Each component of a means of egress – stairways, ramps, corridors, door openings, etc. – is required to provide enough egress capacity for the occupant load of the area it is serving.  This ensures that evacuation of the space can occur in a timely manner.  For example, if a large auditorium had only two 3-foot-wide doors for egress, it might take too long for the crowd to exit, which could affect life safety.

In addition to the size of the egress doors, the required number of exits is also dependent on the occupant load.  Some areas – like an individual office – are allowed to have only one exit because of the low occupant load.  Many rooms or spaces are required to have more than one exit.  Even if a door is not required based on the calculated number of exits, if it is typically used by occupants exiting the space it must comply with the code requirements for an egress door.

To determine how much door-opening width is required, a calculation is used that is based on the occupant load, occupancy type, and whether the building has a sprinkler system.  Although this sounds complicated, the factor is either 0.2 or 0.15 inches of egress width per person, so it’s easy to do a quick calculation.  Read this Decoded article to learn more about calculating the egress width of door openings.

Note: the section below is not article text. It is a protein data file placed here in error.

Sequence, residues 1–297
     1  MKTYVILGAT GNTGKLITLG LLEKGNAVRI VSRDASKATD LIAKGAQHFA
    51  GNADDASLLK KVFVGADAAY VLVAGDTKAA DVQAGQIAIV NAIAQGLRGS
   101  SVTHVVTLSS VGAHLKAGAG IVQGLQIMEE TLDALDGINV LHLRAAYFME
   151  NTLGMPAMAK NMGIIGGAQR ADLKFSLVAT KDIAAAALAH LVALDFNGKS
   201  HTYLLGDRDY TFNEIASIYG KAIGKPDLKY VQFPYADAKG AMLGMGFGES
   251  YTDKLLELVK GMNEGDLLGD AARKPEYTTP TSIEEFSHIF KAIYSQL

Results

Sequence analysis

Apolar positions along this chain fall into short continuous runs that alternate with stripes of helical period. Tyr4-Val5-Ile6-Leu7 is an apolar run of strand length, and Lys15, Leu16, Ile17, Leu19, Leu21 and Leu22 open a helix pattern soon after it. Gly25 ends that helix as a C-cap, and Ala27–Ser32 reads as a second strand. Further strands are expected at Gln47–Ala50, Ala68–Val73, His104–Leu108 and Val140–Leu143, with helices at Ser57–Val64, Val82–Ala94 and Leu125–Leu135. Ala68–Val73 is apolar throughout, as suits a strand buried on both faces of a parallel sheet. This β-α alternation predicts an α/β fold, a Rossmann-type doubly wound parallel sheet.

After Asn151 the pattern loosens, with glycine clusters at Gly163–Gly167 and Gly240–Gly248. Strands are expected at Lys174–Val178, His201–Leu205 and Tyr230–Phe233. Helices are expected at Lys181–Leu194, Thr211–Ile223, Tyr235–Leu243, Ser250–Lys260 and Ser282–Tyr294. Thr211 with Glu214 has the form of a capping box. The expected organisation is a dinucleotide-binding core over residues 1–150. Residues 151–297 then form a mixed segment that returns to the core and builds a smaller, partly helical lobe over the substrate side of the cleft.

A previous ShortCodes class (2C) covered clear opening width and height, and the allowable projections into the door opening.  Most doors in a means of egress are required to provide at least 32 inches of clear opening width and 80 inches of clear opening height (some projections into the clear opening are allowed).  The clear opening width must first be determined in order to calculate the egress width.  If you have not already completed class 2C, read this Decoded article and then proceed to the review questions below.


Review Questions

1. A university lecture hall with 100 fixed seats would require a minimum of how many egress doors?

  1. 1 door
  2. 2 doors
  3. 3 doors
  4. 4 doors

2. What is the egress capacity factor for a door serving a hospital corridor if the building has a sprinkler system and a voice/alarm communication system?

  1. 0.1 inches per person
  2. 0.15 inches per person
  3. 0.2 inches per person
  4. 0.25 inches per person

3. What is the egress capacity of a door with 33 inches of clear opening width, in an office building without a sprinkler system?

  1. 150 people
  2. 160 people
  3. 165 people
  4. 220 people

Answers: 1 – B, 2 – C, 3 – C